I agree with what Mr. Brecknell said about the age profile of the families that we represent. All the cases I read out are from the 1970s. We have one case from the 1990s, but the vast majority our cases are from the 1970s and the Operation Denton cases, of course, are all from the 1970s. Every year family members die. Several of them died in the last couple of years. It is urgent to get truth and justice for those families before they die.
Deputy Tully asked another question I did not answer about the body of historians that Senator McDowell set up when he was Minister for Justice and Equality. It seems to have been disbanded in 2009 and was never set up again. That was something we were promised during Mr. Justice Barron's committee hearings after the Barron reports were published. That was just quietly dropped in 2009.
I join other members in welcoming Ms Urwin and Mr. Brecknell and compliment them on their ongoing work. We have had considerable engagement over the years, particularly with Ms Urwin and more latterly with Mr. Brecknell and their work is very important. Three Dáil motions were passed unanimously in 2008, 2011 and 2016 calling on the British Government to provide an independent international judicial person with access to all papers and files pertaining to the Dublin and Monaghan bombings of 1974. Importantly, those motions also requested access to the papers relating to the Dublin bombings of 1972 and 1973, the bombing of Kay's Tavern in Dundalk and the murder of Seamus Ludlow outside Dundalk.
In her initial comments, Ms Urwin mentioned that people are getting older and sadly family members have been passing away. I take the opportunity to pass on to the Ludlow family my sincere sympathy on the recent passing of Kevin, a brother of Seamus. I had many conversations with Kevin over the years and it was always a matter of serious grief to him and other family members that they never got the truth about the murder of their beloved brother. The age profile of the individuals who have not seen truth or justice in respect of the heinous crimes inflicted on their family members is a matter of serious concern to us all.
It is deplorable that the British Government continues to ignore the requests of the Parliament of a sovereign state. It has not even replied to the request to give access to those papers to an independent international legal person. I spoke in the debate on each of those motions when they were before this House in 2008, 2011 and 2016. They were very comprehensive motions and were very reasonable. They put forward the case to get access to papers so that people could get information and hopefully get to the truth. We need to discuss, either publicly or in private, whether we need to renew such a motion at this time. There may be a more appropriate time to have a motion. I am sure that all parties and groupings in this House would willingly support an appropriate motion on the lines of the motions passed unanimously in the past.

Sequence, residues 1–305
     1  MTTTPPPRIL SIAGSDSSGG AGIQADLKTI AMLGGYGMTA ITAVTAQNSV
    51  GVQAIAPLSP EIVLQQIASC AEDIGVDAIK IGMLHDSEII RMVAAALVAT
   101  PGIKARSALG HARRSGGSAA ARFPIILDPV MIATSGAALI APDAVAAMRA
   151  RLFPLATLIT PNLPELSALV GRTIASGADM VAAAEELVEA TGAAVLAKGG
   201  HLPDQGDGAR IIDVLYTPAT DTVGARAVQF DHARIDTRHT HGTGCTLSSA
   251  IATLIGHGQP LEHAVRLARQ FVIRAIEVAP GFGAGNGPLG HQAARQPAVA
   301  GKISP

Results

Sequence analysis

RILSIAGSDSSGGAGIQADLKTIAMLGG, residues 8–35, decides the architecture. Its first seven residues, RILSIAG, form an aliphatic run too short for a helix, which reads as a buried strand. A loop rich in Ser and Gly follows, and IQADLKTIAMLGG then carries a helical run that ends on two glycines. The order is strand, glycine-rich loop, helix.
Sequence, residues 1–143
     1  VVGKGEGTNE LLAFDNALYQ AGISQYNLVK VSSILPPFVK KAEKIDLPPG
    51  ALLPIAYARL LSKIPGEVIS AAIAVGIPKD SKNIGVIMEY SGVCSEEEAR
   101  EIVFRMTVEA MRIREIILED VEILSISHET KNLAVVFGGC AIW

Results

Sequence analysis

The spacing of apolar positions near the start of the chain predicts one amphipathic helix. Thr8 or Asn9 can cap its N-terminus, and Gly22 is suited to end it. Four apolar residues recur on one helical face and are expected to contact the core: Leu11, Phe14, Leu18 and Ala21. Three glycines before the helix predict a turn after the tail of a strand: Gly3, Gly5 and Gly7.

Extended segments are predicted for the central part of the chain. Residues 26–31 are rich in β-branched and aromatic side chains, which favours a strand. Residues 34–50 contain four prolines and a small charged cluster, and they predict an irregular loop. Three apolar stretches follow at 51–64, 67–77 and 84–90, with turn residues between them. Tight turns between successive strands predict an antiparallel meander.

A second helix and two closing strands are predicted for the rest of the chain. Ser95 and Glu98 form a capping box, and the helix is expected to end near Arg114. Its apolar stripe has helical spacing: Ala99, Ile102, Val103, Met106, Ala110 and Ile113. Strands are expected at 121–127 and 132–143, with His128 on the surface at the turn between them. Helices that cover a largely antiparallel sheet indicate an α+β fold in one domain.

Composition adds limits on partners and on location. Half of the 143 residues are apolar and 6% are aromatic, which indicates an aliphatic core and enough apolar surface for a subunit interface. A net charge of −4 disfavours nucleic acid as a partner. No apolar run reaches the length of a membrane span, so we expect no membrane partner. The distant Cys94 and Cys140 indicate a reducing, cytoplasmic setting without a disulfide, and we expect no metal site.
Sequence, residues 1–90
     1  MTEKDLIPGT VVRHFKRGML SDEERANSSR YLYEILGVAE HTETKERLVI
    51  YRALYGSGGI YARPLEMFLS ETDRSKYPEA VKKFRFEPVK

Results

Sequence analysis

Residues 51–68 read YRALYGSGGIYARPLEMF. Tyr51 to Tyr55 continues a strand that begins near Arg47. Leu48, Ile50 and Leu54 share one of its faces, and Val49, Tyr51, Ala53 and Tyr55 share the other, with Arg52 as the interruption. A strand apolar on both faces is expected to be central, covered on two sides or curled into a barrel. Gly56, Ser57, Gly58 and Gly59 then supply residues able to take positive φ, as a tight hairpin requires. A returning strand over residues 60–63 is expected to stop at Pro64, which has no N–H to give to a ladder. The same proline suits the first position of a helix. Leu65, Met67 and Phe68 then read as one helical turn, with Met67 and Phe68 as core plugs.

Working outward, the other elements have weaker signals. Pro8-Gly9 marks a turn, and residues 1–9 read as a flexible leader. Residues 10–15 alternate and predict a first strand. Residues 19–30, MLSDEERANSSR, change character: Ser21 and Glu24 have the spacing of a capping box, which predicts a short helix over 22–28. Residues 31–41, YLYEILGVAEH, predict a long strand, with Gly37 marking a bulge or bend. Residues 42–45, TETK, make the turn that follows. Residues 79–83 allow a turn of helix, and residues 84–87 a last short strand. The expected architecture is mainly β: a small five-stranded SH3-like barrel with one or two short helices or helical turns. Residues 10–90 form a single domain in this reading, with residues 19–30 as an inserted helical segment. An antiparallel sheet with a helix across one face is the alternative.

I refer to the Belturbet bombings of December 1972. Sadly, Geraldine O'Reilly from Belturbet and Patrick Stanley from Clara, County Offaly, were killed on that night. We will soon reach the 49th anniversary of that heinous crime and again nobody has been brought to justice. Again, I refer to the work of Professor Edmund Burke of the University of Nottingham who through his research of British state papers uncovered clear collusion between the state forces and the UVF in bringing that bomb to Belturbet that night. That information became available to me and I put it on the record of the Dáil in September 2020. Subsequently a documentary on RTÉ carried that information. I commend the work of Professor Burke and his colleagues at the University of Nottingham.
After I put that information on the record of the Dáil, the Minister for Justice, Deputy McEntee, referred that information to the Garda authorities for them to pursue. The last correspondence I had on that matter indicated that the Garda was still investigating the issue. It is not getting easier as every day goes by. Along with others, I would be very anxious that the atrocity in Belturbet would be kept foremost in the inquiries which need to continue.
Ms Urwin referred to the civil court case ongoing in Belfast. What is the importance of that case? What does she hope will be achieved through that court case?
Ms Margaret Urwin: